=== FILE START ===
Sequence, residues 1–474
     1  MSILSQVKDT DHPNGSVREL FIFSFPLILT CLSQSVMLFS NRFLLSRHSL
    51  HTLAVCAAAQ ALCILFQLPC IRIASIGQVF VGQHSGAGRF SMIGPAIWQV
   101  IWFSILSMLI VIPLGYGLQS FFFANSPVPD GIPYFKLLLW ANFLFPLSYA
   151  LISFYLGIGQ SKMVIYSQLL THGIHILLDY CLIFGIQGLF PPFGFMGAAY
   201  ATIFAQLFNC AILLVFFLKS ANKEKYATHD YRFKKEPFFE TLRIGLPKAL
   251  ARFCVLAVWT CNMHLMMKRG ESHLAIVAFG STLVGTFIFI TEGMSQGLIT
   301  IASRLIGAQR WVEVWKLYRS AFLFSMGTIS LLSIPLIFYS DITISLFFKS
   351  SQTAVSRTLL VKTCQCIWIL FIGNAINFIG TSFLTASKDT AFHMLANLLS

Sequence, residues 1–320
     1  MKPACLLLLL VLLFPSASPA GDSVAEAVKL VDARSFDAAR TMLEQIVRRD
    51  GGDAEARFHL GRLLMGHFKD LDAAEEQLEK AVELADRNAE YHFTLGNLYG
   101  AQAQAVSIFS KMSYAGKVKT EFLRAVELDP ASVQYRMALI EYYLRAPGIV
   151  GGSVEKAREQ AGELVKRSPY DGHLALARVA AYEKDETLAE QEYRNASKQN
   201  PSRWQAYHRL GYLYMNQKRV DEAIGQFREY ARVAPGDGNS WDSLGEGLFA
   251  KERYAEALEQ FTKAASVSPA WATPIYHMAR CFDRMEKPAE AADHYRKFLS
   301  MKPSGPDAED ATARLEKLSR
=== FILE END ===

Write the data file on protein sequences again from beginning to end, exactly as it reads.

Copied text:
Sequence, residues 1–474
     1  MSILSQVKDT DHPNGSVREL FIFSFPLILT CLSQSVMLFS NRFLLSRHSL
    51  HTLAVCAAAQ ALCILFQLPC IRIASIGQVF VGQHSGAGRF SMIGPAIWQV
   101  IWFSILSMLI VIPLGYGLQS FFFANSPVPD GIPYFKLLLW ANFLFPLSYA
   151  LISFYLGIGQ SKMVIYSQLL THGIHILLDY CLIFGIQGLF PPFGFMGAAY
   201  ATIFAQLFNC AILLVFFLKS ANKEKYATHD YRFKKEPFFE TLRIGLPKAL
   251  ARFCVLAVWT CNMHLMMKRG ESHLAIVAFG STLVGTFIFI TEGMSQGLIT
   301  IASRLIGAQR WVEVWKLYRS AFLFSMGTIS LLSIPLIFYS DITISLFFKS
   351  SQTAVSRTLL VKTCQCIWIL FIGNAINFIG TSFLTASKDT AFHMLANLLS

Sequence, residues 1–320
     1  MKPACLLLLL VLLFPSASPA GDSVAEAVKL VDARSFDAAR TMLEQIVRRD
    51  GGDAEARFHL GRLLMGHFKD LDAAEEQLEK AVELADRNAE YHFTLGNLYG
   101  AQAQAVSIFS KMSYAGKVKT EFLRAVELDP ASVQYRMALI EYYLRAPGIV
   151  GGSVEKAREQ AGELVKRSPY DGHLALARVA AYEKDETLAE QEYRNASKQN
   201  PSRWQAYHRL GYLYMNQKRV DEAIGQFREY ARVAPGDGNS WDSLGEGLFA
   251  KERYAEALEQ FTKAASVSPA WATPIYHMAR CFDRMEKPAE AADHYRKFLS
   301  MKPSGPDAED ATARLEKLSR